There’s an interesting story in Genesis that shows God to be unprincipled. And I like it.
In Genesis 18, God comes to Abraham to announce that he will have a son. As an aside, it’s undecided whether YHWH came to Abraham or whether God simply sent three angelic beings to represent YHWH, since the text says “YHWH appeared to Abraham” and then “Abraham looked up and saw three men standing nearby.” The Talmud gets even more specific and says the three men were the angels Raphael, Michael, and Gabriel (Bava Metzia 86b). Not only that, but this same section of the Talmud tells us the meal Abraham prepares is three calf tongues, with mustard, “a particular delicacy.”
Sorry, nerdy tangent.
The point is God comes to Abraham and then, as God is leaving, God decides to let Abraham in on a little secret: the Almighty is headed to Sodom to see if things are as bad as the press reports are saying.
Then, I love this verse,
“The men turned away and went toward Sodom, but Abraham remained standing before YHWH.” Genesis 18:22
And the negotiations begin:
Abraham: “Will you spare the city if there are 50 good people living there?”
God: “Sure, why not.”
Abraham: “I stood up to God and haven’t been struck by lightning, so, what if it’s less than 50? God, would you destroy the whole city because of a technicality, of say, 5 less people?”
God: “Fine, if I find 45 people, I won’t destroy the city.”
Abraham: “Do I hear a 40?”
Abraham: “Would you be mad if I asked about 30?”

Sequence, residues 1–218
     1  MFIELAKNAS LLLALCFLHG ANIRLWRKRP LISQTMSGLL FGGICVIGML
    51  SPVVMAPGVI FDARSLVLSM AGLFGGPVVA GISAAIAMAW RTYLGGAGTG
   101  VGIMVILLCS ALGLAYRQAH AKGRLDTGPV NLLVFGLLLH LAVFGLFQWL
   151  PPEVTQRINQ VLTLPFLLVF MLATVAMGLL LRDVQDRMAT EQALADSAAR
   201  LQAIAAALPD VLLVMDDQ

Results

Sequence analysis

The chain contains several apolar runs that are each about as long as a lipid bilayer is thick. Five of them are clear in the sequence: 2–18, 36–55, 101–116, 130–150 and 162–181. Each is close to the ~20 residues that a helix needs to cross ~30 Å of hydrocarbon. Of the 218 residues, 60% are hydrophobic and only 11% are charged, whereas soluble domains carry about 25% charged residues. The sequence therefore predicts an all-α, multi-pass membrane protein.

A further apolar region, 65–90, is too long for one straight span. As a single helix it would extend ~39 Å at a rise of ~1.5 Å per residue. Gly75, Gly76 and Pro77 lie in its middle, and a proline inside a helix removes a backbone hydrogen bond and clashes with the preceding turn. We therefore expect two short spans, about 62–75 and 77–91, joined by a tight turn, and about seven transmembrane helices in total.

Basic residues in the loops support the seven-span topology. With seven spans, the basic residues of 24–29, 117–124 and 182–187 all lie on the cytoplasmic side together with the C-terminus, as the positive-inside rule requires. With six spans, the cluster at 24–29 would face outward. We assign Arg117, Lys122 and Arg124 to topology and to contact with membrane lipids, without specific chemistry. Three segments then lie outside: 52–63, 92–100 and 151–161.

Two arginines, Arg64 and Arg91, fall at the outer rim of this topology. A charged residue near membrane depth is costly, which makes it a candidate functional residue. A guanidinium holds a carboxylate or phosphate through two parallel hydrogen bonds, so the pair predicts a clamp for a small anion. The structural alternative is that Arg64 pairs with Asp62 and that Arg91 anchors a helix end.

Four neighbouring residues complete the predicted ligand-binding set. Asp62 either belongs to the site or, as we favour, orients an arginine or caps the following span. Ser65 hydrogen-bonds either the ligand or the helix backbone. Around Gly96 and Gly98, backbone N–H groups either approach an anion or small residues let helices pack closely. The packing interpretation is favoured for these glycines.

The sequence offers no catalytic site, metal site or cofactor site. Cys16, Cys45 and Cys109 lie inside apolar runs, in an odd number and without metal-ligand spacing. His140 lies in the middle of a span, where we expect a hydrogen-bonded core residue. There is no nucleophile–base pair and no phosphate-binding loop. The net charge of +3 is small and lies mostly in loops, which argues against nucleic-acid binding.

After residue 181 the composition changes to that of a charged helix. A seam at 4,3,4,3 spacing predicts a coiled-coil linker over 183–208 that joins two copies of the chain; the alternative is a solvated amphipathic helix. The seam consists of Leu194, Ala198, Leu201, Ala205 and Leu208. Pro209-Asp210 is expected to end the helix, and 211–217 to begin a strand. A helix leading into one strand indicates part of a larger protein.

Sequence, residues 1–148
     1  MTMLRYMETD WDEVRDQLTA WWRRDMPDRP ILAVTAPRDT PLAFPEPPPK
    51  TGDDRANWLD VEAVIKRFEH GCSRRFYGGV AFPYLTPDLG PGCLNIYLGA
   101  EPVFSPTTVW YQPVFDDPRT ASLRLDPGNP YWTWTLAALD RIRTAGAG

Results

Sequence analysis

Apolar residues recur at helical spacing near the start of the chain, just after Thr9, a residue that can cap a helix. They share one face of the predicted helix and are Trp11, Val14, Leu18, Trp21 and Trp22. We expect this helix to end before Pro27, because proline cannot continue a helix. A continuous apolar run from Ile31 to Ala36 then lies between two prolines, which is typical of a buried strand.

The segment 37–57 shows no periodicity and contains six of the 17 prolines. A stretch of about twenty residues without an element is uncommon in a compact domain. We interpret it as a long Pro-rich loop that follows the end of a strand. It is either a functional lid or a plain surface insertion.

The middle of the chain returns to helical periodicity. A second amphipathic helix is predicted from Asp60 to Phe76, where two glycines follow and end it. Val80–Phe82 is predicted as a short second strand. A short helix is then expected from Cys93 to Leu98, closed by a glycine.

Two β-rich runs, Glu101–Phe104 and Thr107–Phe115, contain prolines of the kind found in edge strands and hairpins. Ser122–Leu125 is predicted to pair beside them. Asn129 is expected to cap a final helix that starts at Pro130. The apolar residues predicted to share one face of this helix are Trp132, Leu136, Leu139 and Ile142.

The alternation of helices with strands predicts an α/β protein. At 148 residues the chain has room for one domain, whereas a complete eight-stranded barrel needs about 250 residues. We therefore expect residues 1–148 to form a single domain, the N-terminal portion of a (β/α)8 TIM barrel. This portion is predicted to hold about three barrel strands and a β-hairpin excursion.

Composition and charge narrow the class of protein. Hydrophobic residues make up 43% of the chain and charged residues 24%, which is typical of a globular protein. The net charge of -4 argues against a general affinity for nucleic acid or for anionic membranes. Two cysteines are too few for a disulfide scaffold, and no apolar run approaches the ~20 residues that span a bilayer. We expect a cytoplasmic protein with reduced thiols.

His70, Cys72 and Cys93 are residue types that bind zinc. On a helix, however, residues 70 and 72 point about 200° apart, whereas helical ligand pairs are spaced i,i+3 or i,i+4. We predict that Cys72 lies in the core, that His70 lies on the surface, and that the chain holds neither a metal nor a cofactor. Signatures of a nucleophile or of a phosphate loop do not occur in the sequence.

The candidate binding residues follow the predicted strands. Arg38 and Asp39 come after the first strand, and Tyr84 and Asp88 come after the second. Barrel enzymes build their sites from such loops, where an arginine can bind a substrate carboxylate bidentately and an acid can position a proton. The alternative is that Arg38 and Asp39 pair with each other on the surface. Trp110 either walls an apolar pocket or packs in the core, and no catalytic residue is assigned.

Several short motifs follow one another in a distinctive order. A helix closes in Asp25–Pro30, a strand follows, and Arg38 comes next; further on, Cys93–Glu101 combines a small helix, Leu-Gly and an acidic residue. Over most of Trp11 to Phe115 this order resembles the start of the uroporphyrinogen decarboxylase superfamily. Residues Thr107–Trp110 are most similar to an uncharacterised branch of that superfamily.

God: “Okay okay, if I find 30 I won’t smite the city.”
God: “For those 20, I won’t destroy the city.”
Abraham: “Don’t get angry, but, what if there’s only 10?”
God: “For the sake of ten, I will not destroy it.”
Let’s forget for a minute that we know what happens in the next chapter. Spoiler Alert: There was not 10 and things did not go well for folks.
I want to focus for a minute on this exchange all the way back in the first book of the Bible. Those who say the God of the Old Testament is about rigid rules and laws haven’t read their Genesis 18 (or see again in Exodus 32 when Moses does something similar to Abraham here).
Here, from the beginning, the text invites us to stand up to God, even when others are “just following orders.” Here, from the outset, God is willing to change God’s Word for the sake of people.
But it took a person taking a stand.
What is the firm ethical foundation we find in Genesis 18? What absolute principle of morality do we find here? We do not find any such thing. We find a conversation, a negotiation, a back-and-forth between a clever man who is trying to do the right thing and a God who isn’t deaf by pure law-and-order to listen.
When we move from pronouncements and prostration to listening and responding, we are moving from rules to wisdom, from immaturity to maturity. And, as Pete talks about in his book How the Bible Actually Works, this is a great model for how our relationship with the whole Bible can look.
In fact, perhaps we see Jesus carrying this story to its logical conclusion in the first book of the New Testament, again in chapter 18:
“What do you think? If a man owns a hundred sheep, and one of them wanders away, will he not leave the ninety-nine on the hills and go to look for the one that wandered off? 13 And if he finds it, truly I tell you, he is happier about that one sheep than about the ninety-nine that did not wander off. 14 In the same way your Father in heaven is not willing that any of these little ones should perish.” (Matt. 18:12-14)